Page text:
Long-term solution imperative to address squatters’ problem

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BY SUSHMA MAHARJAN, Kathmandu, Dec. 4: The issue of landless squatters is not new to Kathmandu residents.  It comes up and goes off the media. It has made headlines once again after the Kathmandu Metropolitan City (KMC) dozer arrived at the squatters’ settlement on the banks of the Bagmati River in Thapathali area on Monday to vacate the settlement. 

According to the Nepal Gazette, landless squatters are those who do not have any valid land certificate and are unable to manage real estate in the name of any family members. In Kathmandu, the landless squatters are mostly found in Shankhamul Squatter Settlement, Paurakhi Basti Squatter Settlement, Ramhiti Improved Squatter Settlement and Slum area in Dhaukhel, Kalimati. 

Of late, KMC had taken steps to remove the squatters form Paurakhi Basti Squatter Settlement. A clash took place between the squatters and KMC city police unit where 18 city police were injured including chief of city police Raju Nath Pandey and one other critically.  The squatters residing along the banks of Bagmati River even staged a demonstration at Thapathali and outside the office of the KMC demanding proper management of the squatters and resignation of KMC Mayor Balendra Shah.

Earlier, the Integrated Bagmati Civilization Development Committee, which has the authority to remove the houses built on the banks of the river, construction materials and vehicles, had issued a public notice earlier. According to the notification, the settlement structures had to be removed by November 20. The KMC had arrived at the settlement after the structures were not removed by the deadline.

But the removal of the squatters has been halted once again after the National Land Commission (NLC) released a notice on Friday with a statement that the works are underway to collect and verify details of landless Dalits, landless squatters and those residing unsystematically. It has asked KMC and all local bodies not to remove the squatters from the settlement and make them homeless until detailed documents are prepared.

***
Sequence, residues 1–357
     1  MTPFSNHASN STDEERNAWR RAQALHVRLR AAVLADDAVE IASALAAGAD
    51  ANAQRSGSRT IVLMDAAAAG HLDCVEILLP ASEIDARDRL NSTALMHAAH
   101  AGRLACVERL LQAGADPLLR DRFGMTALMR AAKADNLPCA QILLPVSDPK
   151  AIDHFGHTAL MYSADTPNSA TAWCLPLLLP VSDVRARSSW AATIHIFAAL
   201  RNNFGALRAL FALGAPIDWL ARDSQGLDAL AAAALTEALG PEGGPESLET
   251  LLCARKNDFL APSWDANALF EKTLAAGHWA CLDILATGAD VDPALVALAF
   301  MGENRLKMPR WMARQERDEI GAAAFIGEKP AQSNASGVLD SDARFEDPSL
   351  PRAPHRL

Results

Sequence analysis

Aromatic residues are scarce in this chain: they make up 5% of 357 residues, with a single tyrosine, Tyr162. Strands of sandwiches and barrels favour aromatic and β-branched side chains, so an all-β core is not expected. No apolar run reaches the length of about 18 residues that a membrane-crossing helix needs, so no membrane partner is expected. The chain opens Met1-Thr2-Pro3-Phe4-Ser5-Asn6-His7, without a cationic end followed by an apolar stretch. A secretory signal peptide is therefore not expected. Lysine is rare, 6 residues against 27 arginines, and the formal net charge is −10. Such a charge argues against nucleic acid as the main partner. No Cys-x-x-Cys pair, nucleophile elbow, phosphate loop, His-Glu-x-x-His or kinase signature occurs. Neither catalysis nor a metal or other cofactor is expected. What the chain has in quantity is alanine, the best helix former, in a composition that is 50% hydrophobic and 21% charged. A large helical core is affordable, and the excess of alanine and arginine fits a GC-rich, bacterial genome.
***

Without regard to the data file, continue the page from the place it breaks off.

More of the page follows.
Here, it seems Nepal Government has not been able to address the issue of the landless squatters and come up with any permanent solution. Shiva Prakash Paudel, writer and analyst, said that the political parties have not taken serious steps to resolve the issue and kept it as it is.

Instead of coming up with the sustainable solution to the problem, political leaders have instead been using the problem for their gains and giving consolations to the squatters. The political parties have been assuring and reassuring the squatters that they would solve their problems if they formed the government, but it has never happened so, he added.

Meanwhile, the squatters from the area seem determined not to vacate the place where they have been living unless acceptable alternative arrangements are made for them. They have demanded for a replacement location inside the Kathmandu valley.

Hukum Bahadur Lama, a squatter, said that they should not be deprived of the basic human rights and should be given alternative to the settlement. “We don’t want to start our livelihood at remote areas. We need to be relocated within the Valley,” he added.

But the question has arose weather the people residing in the squatter settlement are real squatters or just residing there for the namesake or/and acting under the influence of political parties? It is estimated that only 15 to 20 per cent of the total landless squatters are the real ones.

Sher Bahadur Shahi claims himself to be a squatter despite having a two-storey house in Baneshwor. There are many like Shahi residing in the settlement. 

Even on social media, many of the demonstrators were found wearing gold jewelry and carrying an iPhone. 

Krishna Maya Magar, a squatter, said that earlier, some huts were bought and sold in the settlement and newcomers started to reside there. Even some Indians are living in the settlement after buying space from previous Nepali owners, she said.

Therefore, we can say that there are many kinds of squatters in the settlement. Some are nominal occupiers, some are squatter-landlords who rent out accommodation, some have houses outside and calling themselves as squatters and some squatter-tenants who rent the property.

However, the landless squatters are not a problem in themselves. Rather, it is their problems that render people a landless squatter. 

Thus, the government should come up with new policies to recognise the existing genuine slums and squatter settlements and prevent the formation of such areas in the future, to make provision for easy finance options and affordable housing units, as well as to establish special funds for upgrading and relocating squatters. At the local level, different forms of land tenures should be granted to squatters after classifying them based on their characteristics. 

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